Then the cliffs fall away and you can stroll downwards to Longis Bay, Alderney’s original harbour. It’s a popular bay for bathing, the sandy beach shielded from the inevitable Alderney breeze by a concrete wall that spans the length of the bay, again built during the occupation.

A Walk Around Alderney

Raz Island, with another fort at the end of the causeway marks the limit of the bay. There used to be some tourist attractions at the fort but it’s no longer possible to visit Raz, although some work is currently being undertaken to open it up again. A gentle stroll along the coast brings you to Houmet Herbe, a ruined fort again constructed on an island and only accessible at low tide.

A Walk Around Alderney

Remnants of a basic causeway remain and, if you’re willing to scramble over the rocks, it’s possible to explore the fort. On a clear day you will get a fantastic view of the French coastline and Cherbourg, around 11km across the sea. Keep an eye on the tide, though, you will get cut off and have to wait a few hours for the tide to turn again.

A WALK AROUND ALDERNEY – FROM THE LIGHTHOUSE BACK TO THE BEACH

Continuing along the coastal path you will arrive at the island’s lighthouse. It’s fully automated these days.

A Walk Around Alderney

Opposite the lighthouse is Fort Les Hommoux Florains, which has largely been destroyed – each year battered by relentless winter storms. It is possible to get out there to view but you may need to swim across a small channel if the tide isn’t especially low, which probably isn’t worth the effort.

A Walk Around Alderney

Close to the lighthouse, and overlooking Mannez quarry is a German fortification known locally as The Odeon. It is one of the most distinctive buildings on the island; an enormous concrete tower that was built by forced labourers 1943. It was planned to be used as a range-finding location to observe enemy ships. It was derelict for many decades but it is now possible to visit The Odeon.

A Walk Around Alderney

Also at Mannez Quarry is the end of the line for the Alderney railway. Yes, those are London Underground carriages! The railway was originally constructed to bring stone from Mannez to the harbour for construction of the breakwater. It is now open as a tourist attraction for passengers to enjoy a delightfully scenic journey to the quarry from Braye station.

Further on (and don’t tell anyone) are the very best beaches for bathing: Corblets, Arch and Saye (pronounced ‘soy’). Overlooked by private residence Fort Corblets, the eponymous bay has a broad sandy beach and is popular for an energetic and invigorating swim. It’s worth bearing in mind that the sea temperature can be pretty cold, even in summer, but the water is crystal clear and it’s an absolute delight to swim there. (You do warm up!)

A Walk Around Alderney

Arch is also sandy but has a steep incline. It affords a good view of the lighthouse and Odeon.

A Walk Around Alderney

Saye can be found by walking underneath Arch Bay’s arch, past Château à L’Etoc (another privately owned fort) and beyond the dunes beside the island’s campsite – again it’s sandy but the enclosed geography of the bay ensures that the sea is much calmer than on Corblets.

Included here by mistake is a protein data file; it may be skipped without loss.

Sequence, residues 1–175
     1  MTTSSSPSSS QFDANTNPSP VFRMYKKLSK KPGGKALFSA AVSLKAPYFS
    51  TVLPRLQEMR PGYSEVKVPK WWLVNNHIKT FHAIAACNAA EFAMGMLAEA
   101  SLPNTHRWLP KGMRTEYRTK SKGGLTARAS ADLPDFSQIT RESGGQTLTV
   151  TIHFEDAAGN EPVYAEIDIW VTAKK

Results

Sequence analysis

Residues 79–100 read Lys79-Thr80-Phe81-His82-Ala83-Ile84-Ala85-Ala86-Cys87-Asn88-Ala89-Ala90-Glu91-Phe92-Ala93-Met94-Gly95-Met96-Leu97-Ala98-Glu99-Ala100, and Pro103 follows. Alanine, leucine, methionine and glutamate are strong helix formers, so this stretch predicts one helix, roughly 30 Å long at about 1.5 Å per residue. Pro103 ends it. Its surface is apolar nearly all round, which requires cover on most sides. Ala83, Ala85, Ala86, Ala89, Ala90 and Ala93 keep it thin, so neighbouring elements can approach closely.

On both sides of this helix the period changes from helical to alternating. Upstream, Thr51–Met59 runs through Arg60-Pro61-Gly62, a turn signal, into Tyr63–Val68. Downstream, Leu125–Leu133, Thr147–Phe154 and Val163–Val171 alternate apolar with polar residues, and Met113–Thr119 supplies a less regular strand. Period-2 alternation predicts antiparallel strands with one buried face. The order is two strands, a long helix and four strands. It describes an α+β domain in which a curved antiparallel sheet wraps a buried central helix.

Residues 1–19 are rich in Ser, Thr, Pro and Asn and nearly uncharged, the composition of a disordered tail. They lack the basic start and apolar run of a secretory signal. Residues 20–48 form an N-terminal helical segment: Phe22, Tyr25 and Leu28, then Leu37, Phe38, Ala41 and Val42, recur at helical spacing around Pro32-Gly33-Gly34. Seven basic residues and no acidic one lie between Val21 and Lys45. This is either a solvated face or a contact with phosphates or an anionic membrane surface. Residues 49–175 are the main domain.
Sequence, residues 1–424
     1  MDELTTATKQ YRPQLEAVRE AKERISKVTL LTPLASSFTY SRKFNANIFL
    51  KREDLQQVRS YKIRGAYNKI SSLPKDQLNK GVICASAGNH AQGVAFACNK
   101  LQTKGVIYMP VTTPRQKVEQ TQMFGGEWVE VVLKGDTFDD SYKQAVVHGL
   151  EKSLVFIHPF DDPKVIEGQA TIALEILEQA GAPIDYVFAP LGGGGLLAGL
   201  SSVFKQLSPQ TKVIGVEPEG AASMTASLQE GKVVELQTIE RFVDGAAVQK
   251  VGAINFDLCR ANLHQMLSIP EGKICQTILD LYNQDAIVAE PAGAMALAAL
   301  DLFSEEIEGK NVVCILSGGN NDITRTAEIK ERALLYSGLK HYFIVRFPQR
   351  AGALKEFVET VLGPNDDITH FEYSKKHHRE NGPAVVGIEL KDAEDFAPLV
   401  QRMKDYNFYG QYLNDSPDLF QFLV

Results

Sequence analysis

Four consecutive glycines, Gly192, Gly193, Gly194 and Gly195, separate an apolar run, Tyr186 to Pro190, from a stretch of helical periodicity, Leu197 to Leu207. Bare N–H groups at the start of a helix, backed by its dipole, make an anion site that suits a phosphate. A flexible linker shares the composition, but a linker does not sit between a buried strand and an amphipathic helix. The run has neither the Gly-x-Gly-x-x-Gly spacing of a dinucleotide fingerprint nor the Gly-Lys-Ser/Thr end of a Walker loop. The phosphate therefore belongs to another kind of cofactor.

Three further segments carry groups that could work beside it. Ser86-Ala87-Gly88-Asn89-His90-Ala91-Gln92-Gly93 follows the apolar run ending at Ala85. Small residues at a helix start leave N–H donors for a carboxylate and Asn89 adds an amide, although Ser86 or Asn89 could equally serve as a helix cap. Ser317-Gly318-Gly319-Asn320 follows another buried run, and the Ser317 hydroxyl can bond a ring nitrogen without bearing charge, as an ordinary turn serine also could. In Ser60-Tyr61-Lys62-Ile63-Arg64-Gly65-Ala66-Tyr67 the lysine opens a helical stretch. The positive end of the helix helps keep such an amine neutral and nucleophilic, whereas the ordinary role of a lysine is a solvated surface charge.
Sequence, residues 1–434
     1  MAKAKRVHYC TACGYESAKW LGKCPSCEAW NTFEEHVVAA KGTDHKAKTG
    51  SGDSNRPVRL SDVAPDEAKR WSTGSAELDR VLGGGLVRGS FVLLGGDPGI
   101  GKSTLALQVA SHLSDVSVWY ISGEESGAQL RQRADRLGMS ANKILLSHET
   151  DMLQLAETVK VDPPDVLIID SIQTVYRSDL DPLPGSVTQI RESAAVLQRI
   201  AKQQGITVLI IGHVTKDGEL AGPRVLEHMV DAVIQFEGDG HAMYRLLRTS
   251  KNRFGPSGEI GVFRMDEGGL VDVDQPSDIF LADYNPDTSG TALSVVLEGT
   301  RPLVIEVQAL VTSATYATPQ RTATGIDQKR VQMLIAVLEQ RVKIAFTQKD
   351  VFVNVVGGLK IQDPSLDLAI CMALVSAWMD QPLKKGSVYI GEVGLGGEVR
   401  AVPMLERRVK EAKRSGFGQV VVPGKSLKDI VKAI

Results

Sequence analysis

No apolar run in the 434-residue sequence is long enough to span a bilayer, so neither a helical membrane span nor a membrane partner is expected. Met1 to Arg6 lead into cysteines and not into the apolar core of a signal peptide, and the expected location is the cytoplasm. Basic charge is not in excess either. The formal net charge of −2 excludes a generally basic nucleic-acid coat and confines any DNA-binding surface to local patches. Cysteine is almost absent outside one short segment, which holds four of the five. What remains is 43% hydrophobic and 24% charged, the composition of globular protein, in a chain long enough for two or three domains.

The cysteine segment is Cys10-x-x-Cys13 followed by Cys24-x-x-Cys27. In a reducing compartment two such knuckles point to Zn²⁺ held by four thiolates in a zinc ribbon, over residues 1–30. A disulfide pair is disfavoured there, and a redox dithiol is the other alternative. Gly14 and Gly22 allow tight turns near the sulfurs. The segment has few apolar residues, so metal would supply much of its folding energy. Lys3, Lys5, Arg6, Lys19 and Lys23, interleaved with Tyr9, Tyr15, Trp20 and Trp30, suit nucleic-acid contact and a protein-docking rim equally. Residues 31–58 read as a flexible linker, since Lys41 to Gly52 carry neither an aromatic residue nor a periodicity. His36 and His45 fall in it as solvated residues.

Saye Bay

To complete the walk around Alderney it’s simply a walk around the grassy headland upon the top of which Alderney’s largest Victorian fort is located, Albert, originally designed to protect the harbour, and the familiar view of Braye, the harbour and the breakwater come into view. Burhou, Ortac and Les Casquets can also be seen in the background.

A Walk Around Alderney

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Street Food in Chiang Mai, Thailand

Chiang Mai is the largest city in northern Thailand and has a very laid back vibe, particularly in the old city which is surrounded by a walled canal with four gates.

Wandering through this area reveals many beautiful temples and wats.

There are loads of places to see in and around the city as well as trips to take in the surrounding area:

You can visit orchid farms…

The gorgeous Mae Sae waterfalls are a series of ten waterfalls spaced a few hundred metres apart. You can follow the pathway alongside the falls and plunge into the pools if you do desire. There are picnic spots along the way. It gets quite crowded at the start of the trail but as you hike towards the further falls the crowds melt away and you can enjoy the beauty of the lovely surroundings….

You can visit elephant sanctuaries – even become a mahout for a day – but do check which are responsible and ethical and make sure that they do not exploit the elephants.

And there are many temples to visit including the Wiang Kum Kam complex

Back in the city, Chiang Mai has a number of bustling markets for exploration, notably the night market which is a short walk away from the old city. On some nights of the week other streets are closed to traffic and stalls pop up. These are really popular so expect crowds. Of course, markets wouldn’t be markets without food stalls and Thai street food is amazing. The market stalls often have plastic tables and chairs nearby – they are not necessarily associated with any particular stall – so that you can order your food and then take it to any table to enjoy at leisure.

One of the best street food dishes is som tam – green papaya salad. Green papaya is shredded into a large wooden bowl and then pounded with beans, carrots and tomatoes. Sometimes little shrimp are added although you can ask for them to be excluded if you are vegetarian. Chillies, lime juice, palm sugar and fish sauce are added to the mix and pounded to release the flavours giving that characteristic Thai combination of sweet, sour, salt and spice. Be warned though, those teeny Thai chillies are hot! The dish is then adorned with crushed toasted peanuts for added crunch. But on a warm, humid evening, it’s the perfect dish for a refreshing snack, preferably accompanied with a nice cold beer.